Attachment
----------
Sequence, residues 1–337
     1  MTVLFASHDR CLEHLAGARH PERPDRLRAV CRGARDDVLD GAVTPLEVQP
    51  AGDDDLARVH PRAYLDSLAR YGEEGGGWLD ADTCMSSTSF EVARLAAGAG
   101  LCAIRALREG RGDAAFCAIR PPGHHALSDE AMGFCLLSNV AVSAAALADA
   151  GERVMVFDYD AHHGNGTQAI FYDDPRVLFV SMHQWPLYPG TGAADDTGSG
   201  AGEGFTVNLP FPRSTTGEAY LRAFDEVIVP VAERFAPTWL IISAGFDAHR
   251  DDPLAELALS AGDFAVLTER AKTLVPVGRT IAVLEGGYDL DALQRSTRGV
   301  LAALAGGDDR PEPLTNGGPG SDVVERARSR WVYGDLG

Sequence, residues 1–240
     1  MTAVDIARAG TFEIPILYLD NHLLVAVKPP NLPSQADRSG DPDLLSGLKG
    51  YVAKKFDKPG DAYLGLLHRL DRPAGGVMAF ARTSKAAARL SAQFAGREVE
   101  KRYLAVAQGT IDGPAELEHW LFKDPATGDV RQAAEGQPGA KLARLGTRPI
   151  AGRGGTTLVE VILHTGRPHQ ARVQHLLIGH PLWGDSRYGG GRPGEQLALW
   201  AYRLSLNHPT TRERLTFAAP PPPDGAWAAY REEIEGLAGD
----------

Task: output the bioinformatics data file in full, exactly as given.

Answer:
Sequence, residues 1–337
     1  MTVLFASHDR CLEHLAGARH PERPDRLRAV CRGARDDVLD GAVTPLEVQP
    51  AGDDDLARVH PRAYLDSLAR YGEEGGGWLD ADTCMSSTSF EVARLAAGAG
   101  LCAIRALREG RGDAAFCAIR PPGHHALSDE AMGFCLLSNV AVSAAALADA
   151  GERVMVFDYD AHHGNGTQAI FYDDPRVLFV SMHQWPLYPG TGAADDTGSG
   201  AGEGFTVNLP FPRSTTGEAY LRAFDEVIVP VAERFAPTWL IISAGFDAHR
   251  DDPLAELALS AGDFAVLTER AKTLVPVGRT IAVLEGGYDL DALQRSTRGV
   301  LAALAGGDDR PEPLTNGGPG SDVVERARSR WVYGDLG

Sequence, residues 1–240
     1  MTAVDIARAG TFEIPILYLD NHLLVAVKPP NLPSQADRSG DPDLLSGLKG
    51  YVAKKFDKPG DAYLGLLHRL DRPAGGVMAF ARTSKAAARL SAQFAGREVE
   101  KRYLAVAQGT IDGPAELEHW LFKDPATGDV RQAAEGQPGA KLARLGTRPI
   151  AGRGGTTLVE VILHTGRPHQ ARVQHLLIGH PLWGDSRYGG GRPGEQLALW
   201  AYRLSLNHPT TRERLTFAAP PPPDGAWAAY REEIEGLAGD